Common Management and identity of interest are part of affiliation disputes raised in a small business size protest. However, you must be fully aware of the legal issues and how lawyers analyze them. You do not want to lose out in a SBA size appeal by taking on the case yourself and not understanding the rules.
The general SBA affiliation rules based upon common management state that businesses are affiliated when one business controls or has the power to control the other, or a third-party controls or has the power to control both. 13 C.F.R. § 121.103(a)(1). Further, affiliation arises where one or more officers, directors, managing members, or partners who control the board of directors and/or management of one concern also control the board of directors or management of one or more other concerns. 13 C.F.R. § 121.103(e).
- You can lose a SBA size protest and become affiliated due to common management if both concerns are controlled by the same person or persons. See Size Appeal of Bob Jones Realty Co., SBA No. SIZ-4059, at 5 (1995).
In an appeal to the SBA Office of Hearings and Appeals, a judge analyzes common management by considering whether the persons alleged of common management control or have the power to control the other company.
For example, SBA OHA has held that where a majority shareholder has the power to call a shareholders meeting and, at that meeting, to remove any and all directors with or without cause; it is the majority shareholder, not the directors, who controls the firm, and any control by the directors is illusory.
- When making a size protest decision on common management, it is not uncommon for family relationships to be strained by business differences.
Small businesses that have shares in other businesses bidding on the same contract must be extremely careful. Size protests based upon common management are dangerous tools use by a protestor to take away millions of your potential company revenues.
Common Management and Identity of Interest Rules
In addition to common management allegations, an SBA size protest based upon identity of interest can also raise serious problems for business owners when two companies are participating in the same government contract.
Identity of Interest laws: the regulations provide: “affiliation may arise among two or more persons with an identity of interest. Individuals or firms that have identical or substantially identical business or economic interests (such as family members . . . ) may be treated as one party with such interests aggregated. Where SBA determines that such interests should be aggregated, an individual or firm may rebut that determination with evidence showing that the interests deemed to be one are in fact separate.” See 13 C.F.R. § 121.103(f).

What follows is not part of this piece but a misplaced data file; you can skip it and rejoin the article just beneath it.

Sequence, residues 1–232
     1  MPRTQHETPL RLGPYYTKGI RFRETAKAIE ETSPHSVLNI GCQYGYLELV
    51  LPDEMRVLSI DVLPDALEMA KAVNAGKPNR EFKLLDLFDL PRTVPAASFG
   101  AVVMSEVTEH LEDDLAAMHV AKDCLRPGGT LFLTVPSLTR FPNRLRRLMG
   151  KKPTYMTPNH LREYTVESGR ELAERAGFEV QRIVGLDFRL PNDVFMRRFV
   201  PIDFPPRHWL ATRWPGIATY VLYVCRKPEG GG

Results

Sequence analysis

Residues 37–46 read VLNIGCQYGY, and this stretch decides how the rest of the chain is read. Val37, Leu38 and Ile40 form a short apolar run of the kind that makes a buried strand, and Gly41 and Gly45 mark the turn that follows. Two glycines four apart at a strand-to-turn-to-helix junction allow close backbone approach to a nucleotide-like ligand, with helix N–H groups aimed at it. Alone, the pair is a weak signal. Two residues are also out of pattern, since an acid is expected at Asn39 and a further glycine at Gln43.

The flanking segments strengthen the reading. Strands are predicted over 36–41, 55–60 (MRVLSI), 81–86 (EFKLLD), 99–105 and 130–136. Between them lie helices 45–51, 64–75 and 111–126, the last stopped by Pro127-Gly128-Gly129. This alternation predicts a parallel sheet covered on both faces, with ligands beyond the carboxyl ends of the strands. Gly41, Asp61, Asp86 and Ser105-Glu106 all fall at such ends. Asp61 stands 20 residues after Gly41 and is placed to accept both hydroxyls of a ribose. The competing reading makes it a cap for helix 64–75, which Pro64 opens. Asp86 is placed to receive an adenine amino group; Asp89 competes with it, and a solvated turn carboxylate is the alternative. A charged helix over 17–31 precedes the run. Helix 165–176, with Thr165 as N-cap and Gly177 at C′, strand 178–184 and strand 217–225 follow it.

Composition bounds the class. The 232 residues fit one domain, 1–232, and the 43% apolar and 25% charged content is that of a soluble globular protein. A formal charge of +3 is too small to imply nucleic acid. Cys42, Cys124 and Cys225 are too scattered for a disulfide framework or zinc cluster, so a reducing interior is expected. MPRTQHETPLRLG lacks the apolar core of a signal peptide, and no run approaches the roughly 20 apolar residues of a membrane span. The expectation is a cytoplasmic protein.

Although there are allegations that individuals share an identity of interest based on their family relationships; determining the existence of an identity of interest is only part of the affiliation inquiry. The regulations require that, unless the identity of interest is rebutted, the persons sharing the identity of interest must be treated as “one party” with their interests aggregated. Size protest lawyers must address this issue firsthand or they will lose the protest. As size protest lawyers, we analyze and decide whether such relationships actually cause affiliation.
In analyzing questions of SBA affiliation under identity of interest, the greatest question is always whether one concern can control the other. “Concerns and entities are affiliates of each other when one controls or has the power to control the other, or a third-party or parties controls or has the power to control both. It does not matter whether control is exercised, so long as the power to control exists.” Your size protest argument should not be only based upon actual control.
Therefore, the affiliation question in an identity of interest case is whether, given the aggregated interests, one business controls another, or a third-party (for instance, the party or parties holding the aggregated interests) can control the concerns in question.
For immediate help in a pending SBA size protest, call a government contracts attorney at 1-866-601-5518.